In the summer after my junior year in high school, I worked on a cattle ranch not too far from Climax Springs, Missouri. The other hired hand was a grown man named Francis. We baled hay, put up barbed wire fence and turned young bulls into steers.
Our specialty was picking rocks out of hayfields. That gave us plenty of time to talk about God. Francis was for Him, I was against Him.
My conversations with Francis probably led me to major in religion in college. Wanting answers but lacking faith, I became dazzled by secular philosophers who proffered fancy, consistent thought systems that had an explanation for pretty much everything.
I flirted hard with Plato, Jung, Freud, Nietzsche and Kierkegaard, even though I was far too dense to understand any of them deeply. I had brief crushes on some exotics: the Hindu philosopher Sankara and Plotinus, a Greek guy who pondered after Plato.
Though I never fell too hard for any one Big Thinker, I loved Big Theories. I loved grandiose systems of thought that fit neatly together and invented whole vocabularies. I spurned plain language and clear thinking. I didn't like the Utilitarians, the Founding Fathers or the American pragmatists.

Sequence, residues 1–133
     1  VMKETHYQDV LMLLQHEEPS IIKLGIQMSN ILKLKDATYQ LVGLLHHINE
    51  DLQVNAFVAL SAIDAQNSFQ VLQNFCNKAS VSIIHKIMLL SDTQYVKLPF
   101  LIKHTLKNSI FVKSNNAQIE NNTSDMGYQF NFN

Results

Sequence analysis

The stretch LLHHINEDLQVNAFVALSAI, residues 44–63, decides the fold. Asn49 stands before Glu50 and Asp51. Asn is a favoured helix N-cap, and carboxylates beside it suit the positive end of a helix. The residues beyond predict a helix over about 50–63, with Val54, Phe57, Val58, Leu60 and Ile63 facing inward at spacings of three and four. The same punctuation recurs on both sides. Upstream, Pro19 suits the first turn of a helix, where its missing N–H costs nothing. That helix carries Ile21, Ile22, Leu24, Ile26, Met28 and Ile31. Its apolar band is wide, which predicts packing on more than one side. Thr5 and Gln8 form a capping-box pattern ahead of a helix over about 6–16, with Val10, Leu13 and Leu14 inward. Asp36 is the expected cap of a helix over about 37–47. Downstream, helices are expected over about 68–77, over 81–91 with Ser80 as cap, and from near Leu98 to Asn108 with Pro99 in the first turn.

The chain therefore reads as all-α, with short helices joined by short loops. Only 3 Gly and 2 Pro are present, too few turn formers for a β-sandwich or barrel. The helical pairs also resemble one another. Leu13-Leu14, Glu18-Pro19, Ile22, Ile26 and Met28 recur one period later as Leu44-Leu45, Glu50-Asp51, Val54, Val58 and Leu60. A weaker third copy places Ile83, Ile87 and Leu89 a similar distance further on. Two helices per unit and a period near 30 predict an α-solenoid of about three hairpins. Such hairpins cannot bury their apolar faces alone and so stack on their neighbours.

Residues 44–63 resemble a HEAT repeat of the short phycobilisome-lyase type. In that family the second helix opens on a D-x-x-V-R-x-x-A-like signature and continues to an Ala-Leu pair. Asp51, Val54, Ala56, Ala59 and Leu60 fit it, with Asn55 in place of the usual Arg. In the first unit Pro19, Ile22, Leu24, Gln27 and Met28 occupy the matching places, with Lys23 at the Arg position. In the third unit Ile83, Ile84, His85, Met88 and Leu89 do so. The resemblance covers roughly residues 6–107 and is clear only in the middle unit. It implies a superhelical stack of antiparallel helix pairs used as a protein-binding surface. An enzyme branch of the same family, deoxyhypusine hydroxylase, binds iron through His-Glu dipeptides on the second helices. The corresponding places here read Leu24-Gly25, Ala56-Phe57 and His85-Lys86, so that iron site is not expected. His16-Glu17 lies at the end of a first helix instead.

All that changed in one afternoon. After I read the essay that I wrote about , "Two Concepts of Liberty" by Isaiah Berlin, I never again had a serious relationship with a grandiose, all-encompassing worldview. Philosophically, I've remained a bachelor.
I am inflicting my embarrassing little intellectual resume on you for a reason, oddly enough.
Last week I tried to unravel what is so toxic about the political impulse that says, "I know what's best for you." It is an impulse, Berlin argues in his famous essay, most prevalent among those who believe in the big, sweeping worldviews and systems. Their belief enhances their confidence that they know what's best for you.
Belief in a good, powerful fancy theory also provides plenty of ammo to argue that certain human values – freedom, authenticity, self-knowledge, for example – can only be attained in the ways The Big Theory prescribes.
Berlin associates this temperament or intellection predilection with "positive liberty" - the notion that liberty is empty unless it includes a positive capability to do something specific – e.g., work without exploitation, or, get an education, just to name two random examples.
Negative liberty is simpler; it is being free "from" things; it is being left alone, having a zone of individual liberty.
I got about this. Many objected that I argued that Democrats today are more susceptible to the attitudes associated with positive liberty than Republicans. Others thought I was arguing that positive liberty was the Daddy philosophy, a posture of paternalism.
What I clearly failed to do was describe the attitude, the sensibility of negative liberty. That attitude happens to be, for my money, the perfect antidote to the intolerant, ceaseless, Mars/Venus quality of political argument today.